New Tire Technology May Provide More Safety For Our Troops

In everyday driving scenarios, your tires are among the 3 or 4 most important safety features your vehicle has. Looking at them as a safety feature may seem a little bit of a stretch, but when it comes right down to it they are the only contact between yourself and the pavement. If you move out of the everyday and go to a combat zone, tires could mean the difference between life and death. For this reason, a new kind of tire has been developed for the US Military that could help bring more of our men and women home.

The research and development was conducted by Resilient Technologies and Wisconsin-Madison's Polymer Engineering Center and brought about an open sided tire with a Honeycomb interior structure. The design is similar to the Michelin "Tweel" that was developed a few years ago as part of a study on airless tires and their feasibility.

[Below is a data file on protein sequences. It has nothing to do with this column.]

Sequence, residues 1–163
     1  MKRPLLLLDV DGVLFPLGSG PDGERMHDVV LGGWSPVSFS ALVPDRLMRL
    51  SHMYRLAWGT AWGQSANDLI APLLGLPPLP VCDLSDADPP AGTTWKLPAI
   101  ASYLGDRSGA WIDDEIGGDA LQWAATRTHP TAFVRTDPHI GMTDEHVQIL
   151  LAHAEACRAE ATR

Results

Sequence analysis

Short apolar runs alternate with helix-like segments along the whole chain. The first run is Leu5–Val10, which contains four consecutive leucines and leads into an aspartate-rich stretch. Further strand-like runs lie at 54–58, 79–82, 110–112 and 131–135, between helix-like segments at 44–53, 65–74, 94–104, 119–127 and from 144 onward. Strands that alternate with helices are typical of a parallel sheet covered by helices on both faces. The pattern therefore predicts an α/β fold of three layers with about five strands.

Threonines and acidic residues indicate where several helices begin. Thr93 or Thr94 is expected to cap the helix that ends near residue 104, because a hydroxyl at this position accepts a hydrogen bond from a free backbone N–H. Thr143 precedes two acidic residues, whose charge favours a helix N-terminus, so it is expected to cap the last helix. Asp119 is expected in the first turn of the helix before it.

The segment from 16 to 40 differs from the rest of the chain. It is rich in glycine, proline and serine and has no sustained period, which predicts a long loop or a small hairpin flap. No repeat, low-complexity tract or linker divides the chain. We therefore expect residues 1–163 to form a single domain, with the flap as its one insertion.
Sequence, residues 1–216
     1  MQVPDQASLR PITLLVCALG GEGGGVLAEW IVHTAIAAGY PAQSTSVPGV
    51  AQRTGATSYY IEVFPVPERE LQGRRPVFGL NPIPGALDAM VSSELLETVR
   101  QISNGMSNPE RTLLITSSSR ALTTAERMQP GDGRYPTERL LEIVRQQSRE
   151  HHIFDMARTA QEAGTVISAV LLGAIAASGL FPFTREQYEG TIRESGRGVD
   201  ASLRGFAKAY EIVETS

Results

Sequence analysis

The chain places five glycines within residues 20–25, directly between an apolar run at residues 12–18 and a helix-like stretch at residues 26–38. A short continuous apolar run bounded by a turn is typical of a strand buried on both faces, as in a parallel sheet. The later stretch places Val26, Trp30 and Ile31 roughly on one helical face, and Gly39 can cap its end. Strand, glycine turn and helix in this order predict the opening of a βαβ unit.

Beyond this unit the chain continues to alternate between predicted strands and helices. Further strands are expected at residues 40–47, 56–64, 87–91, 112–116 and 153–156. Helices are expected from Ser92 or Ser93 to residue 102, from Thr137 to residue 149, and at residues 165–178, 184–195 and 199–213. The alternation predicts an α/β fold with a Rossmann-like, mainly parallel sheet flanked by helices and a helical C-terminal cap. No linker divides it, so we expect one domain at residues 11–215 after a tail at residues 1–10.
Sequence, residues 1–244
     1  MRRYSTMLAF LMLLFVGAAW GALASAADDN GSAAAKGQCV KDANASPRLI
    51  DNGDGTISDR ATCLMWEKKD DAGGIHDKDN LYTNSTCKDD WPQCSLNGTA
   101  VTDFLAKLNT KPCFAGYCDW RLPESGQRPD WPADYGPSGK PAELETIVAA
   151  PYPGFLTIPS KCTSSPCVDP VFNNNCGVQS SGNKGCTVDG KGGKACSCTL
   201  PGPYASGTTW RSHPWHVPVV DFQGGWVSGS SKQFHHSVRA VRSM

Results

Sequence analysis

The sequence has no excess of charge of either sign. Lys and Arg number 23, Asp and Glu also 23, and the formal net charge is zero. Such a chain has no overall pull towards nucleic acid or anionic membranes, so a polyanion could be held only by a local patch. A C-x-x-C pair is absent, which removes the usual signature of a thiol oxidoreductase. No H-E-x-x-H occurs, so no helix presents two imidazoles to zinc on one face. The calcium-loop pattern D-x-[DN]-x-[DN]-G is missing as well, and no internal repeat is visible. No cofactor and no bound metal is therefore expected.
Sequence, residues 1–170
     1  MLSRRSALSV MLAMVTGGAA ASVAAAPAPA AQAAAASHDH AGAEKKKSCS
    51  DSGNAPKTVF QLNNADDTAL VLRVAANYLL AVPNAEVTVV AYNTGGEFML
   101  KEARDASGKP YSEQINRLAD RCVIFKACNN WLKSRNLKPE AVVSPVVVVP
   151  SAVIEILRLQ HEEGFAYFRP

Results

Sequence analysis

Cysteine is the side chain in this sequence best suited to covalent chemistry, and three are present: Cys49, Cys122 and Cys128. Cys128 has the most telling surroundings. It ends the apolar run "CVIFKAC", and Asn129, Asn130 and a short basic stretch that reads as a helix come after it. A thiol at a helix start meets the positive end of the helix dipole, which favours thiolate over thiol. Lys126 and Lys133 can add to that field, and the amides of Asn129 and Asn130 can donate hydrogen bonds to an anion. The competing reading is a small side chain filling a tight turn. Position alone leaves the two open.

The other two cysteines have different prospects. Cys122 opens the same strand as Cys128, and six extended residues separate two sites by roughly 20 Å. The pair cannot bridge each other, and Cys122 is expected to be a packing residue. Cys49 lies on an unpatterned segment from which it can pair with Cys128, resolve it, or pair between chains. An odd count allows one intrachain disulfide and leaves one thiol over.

After the study concluded, developers decided the honeycomb was still the best suited for the job, as the construction will provide a very balanced load distribution for the heavy vehicles it is intended for, while also providing very efficient way to remove heat.

Currently, most of the vehicles are using run-flat tires that were not made to carry the additional weight of armor. If an IED is used to disable the vehicle, the run-flats may not provide enough support for the vehicle, leaving troops without a means of escape.

The new honeycomb design does not rely on a run-flat system, therefore almost completely reducing the risk of being immobilized during an attack. The design also keeps road noise and vibration to a minimum and closely mimics the behavior of tradition air filled tires.

Production and delivery is set to start in 2011, with prices competitive to, if not less than tires that are currently available. Whether the technology will cross over into the civilian market is unknown, but if the past predicts the future there is a very good chance we will see them on everyday vehicles within the next 10 years.

World Car Fans